Open this publication in new window or tab >>Influence of Hyperoxic-Supplemented High-Intensity Interval Training on Hemotological and Muscle Mitochondrial Adaptations in Trained Cyclists.
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2019 (English)In: Frontiers in Physiology, ISSN 1664-042X, E-ISSN 1664-042X, Vol. 10, article id 730Article in journal (Refereed) Published
Abstract [en]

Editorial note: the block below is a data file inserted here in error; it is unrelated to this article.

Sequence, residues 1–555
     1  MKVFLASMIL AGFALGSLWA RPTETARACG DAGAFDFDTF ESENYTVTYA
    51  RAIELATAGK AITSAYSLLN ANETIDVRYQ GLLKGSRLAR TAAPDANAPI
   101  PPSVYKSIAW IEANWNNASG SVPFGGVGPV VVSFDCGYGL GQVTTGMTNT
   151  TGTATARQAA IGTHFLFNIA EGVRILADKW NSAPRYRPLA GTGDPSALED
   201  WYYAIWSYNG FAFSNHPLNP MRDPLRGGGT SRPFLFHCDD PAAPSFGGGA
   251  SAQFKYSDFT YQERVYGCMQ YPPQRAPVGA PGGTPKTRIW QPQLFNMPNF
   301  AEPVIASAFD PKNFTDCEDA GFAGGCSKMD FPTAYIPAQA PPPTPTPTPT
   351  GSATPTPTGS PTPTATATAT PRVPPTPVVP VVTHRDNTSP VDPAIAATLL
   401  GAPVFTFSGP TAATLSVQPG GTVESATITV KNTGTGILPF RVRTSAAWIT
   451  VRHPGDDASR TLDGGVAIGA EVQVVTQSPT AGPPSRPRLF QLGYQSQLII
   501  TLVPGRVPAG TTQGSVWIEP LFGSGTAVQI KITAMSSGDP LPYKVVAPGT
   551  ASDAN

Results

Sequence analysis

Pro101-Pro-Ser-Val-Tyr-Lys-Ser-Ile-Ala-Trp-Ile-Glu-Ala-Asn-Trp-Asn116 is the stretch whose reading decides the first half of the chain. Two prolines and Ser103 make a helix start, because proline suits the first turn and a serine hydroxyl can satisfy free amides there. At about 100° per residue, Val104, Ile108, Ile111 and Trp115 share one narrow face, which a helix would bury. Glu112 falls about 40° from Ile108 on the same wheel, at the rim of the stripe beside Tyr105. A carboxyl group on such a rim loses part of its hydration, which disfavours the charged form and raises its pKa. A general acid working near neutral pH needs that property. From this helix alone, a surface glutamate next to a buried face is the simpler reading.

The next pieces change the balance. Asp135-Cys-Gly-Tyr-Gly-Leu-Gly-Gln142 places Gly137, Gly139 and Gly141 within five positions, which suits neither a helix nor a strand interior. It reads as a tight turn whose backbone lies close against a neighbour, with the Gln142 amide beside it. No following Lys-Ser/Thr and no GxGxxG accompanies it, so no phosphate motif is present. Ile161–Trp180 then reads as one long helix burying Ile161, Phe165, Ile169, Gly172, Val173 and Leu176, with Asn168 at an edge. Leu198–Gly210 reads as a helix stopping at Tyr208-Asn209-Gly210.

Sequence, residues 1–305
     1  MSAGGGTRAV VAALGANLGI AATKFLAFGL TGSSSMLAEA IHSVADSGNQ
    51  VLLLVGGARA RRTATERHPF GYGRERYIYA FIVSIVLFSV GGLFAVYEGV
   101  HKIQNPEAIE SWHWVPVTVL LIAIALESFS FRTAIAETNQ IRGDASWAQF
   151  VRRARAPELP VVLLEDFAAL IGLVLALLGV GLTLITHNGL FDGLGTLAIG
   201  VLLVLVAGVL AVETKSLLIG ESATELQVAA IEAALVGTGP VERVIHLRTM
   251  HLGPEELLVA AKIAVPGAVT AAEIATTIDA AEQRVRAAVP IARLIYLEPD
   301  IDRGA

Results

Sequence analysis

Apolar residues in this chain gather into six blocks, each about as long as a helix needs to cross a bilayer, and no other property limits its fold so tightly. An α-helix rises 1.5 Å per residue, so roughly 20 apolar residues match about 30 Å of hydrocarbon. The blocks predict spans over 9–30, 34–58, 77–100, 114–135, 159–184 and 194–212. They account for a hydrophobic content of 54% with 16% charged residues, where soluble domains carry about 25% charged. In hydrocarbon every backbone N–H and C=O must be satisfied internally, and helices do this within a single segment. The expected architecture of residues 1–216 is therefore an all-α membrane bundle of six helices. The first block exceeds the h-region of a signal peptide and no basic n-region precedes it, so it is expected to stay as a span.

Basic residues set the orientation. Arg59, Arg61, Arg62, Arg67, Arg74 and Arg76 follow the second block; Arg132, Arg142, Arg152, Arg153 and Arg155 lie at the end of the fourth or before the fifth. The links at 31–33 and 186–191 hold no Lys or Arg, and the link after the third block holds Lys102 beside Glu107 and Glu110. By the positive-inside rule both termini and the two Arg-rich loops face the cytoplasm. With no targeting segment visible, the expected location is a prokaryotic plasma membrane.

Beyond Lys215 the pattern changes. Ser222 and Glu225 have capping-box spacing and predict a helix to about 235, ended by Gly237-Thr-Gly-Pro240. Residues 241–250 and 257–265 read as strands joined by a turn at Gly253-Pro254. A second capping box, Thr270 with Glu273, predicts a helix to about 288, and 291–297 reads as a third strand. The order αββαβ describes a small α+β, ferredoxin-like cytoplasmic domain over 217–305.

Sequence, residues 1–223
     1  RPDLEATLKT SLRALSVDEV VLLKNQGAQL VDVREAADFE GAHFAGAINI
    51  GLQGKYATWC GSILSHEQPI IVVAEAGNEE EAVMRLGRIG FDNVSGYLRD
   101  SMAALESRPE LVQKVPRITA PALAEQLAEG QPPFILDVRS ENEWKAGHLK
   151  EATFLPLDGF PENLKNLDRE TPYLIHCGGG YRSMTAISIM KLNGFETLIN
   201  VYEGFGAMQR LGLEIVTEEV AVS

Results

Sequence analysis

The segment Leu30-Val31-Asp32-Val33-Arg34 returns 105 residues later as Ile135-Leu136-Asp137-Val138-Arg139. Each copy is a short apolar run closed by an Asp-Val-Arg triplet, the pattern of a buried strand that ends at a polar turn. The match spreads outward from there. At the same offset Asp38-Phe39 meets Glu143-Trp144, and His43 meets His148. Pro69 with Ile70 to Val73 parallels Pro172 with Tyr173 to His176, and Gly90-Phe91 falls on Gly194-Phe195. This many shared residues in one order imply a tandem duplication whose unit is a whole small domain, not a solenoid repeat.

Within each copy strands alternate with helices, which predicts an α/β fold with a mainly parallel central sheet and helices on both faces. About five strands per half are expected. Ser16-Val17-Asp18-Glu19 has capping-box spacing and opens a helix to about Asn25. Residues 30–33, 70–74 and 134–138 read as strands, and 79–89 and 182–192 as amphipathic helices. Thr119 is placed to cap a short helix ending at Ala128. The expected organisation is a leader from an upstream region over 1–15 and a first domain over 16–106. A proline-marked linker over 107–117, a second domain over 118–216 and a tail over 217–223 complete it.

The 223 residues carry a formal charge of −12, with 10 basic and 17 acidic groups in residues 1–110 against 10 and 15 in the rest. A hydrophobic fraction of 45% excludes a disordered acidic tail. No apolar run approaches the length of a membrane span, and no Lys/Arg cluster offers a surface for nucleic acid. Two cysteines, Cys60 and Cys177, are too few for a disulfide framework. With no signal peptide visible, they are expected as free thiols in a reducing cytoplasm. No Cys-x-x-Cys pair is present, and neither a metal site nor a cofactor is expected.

Background: Hyperoxia (HYPER) increases O2 carrying capacity resulting in a higher O2 delivery to the working muscles during exercise. Several lines of evidence indicate that lactate metabolism, power output, and endurance are improved by HYPER compared to normoxia (NORM). Since HYPER enables a higher exercise power output compared to NORM and considering the O2 delivery limitation at exercise intensities near to maximum, we hypothesized that hyperoxic-supplemented high-intensity interval training (HIIT) would upregulate muscle mitochondrial oxidative capacity and enhance endurance cycling performance compared to training in normoxia. Methods: 23 trained cyclists, age 35.3 ± 6.4 years, body mass 75.2 ± 9.6 kg, height 179.8 ± 7.9 m, and VO2max 4.5 ± 0.7 L min-1 performed 6 weeks polarized and periodized endurance training on a cycle ergometer consisting of supervised HIIT sessions 3 days/week and additional low-intensity training 2 days/week. Participants were randomly assigned to either HYPER (FIO2 0.30; n = 12) or NORM (FIO2 0.21; n = 11) breathing condition during HIIT. Mitochondrial respiration in permeabilized fibers and isolated mitochondria together with maximal and submaximal VO2, hematological parameters, and self-paced endurance cycling performance were tested pre- and posttraining intervention. Results: Hyperoxic training led to a small, non-significant change in performance compared to normoxic training (HYPER 6.0 ± 3.7%, NORM 2.4 ± 5.0%; p = 0.073, ES = 0.32). This small, beneficial effect on the self-paced endurance cycling performance was not explained by the change in VO2max (HYPER 1.1 ± 3.8%, NORM 0.0 ± 3.7%; p = 0.55, ES = 0.08), blood volume and hemoglobin mass, mitochondrial oxidative phosphorylation capacity (permeabilized fibers: HYPER 27.3 ± 46.0%, NORM 16.5 ± 49.1%; p = 0.37, ES = 3.24 and in isolated mitochondria: HYPER 26.1 ± 80.1%, NORM 15.9 ± 73.3%; p = 0.66, ES = 0.51), or markers of mitochondrial content which were similar between groups post intervention. Conclusions: This study showed that 6 weeks hyperoxic-supplemented HIIT led to marginal gain in cycle performance in already trained cyclists without change in VO2max, blood volume, hemoglobin mass, mitochondrial oxidative phosphorylation capacity, or exercise efficiency. The underlying mechanisms for the potentially meaningful performance effects of hyperoxia training remain unexplained and may raise ethical questions for elite sport.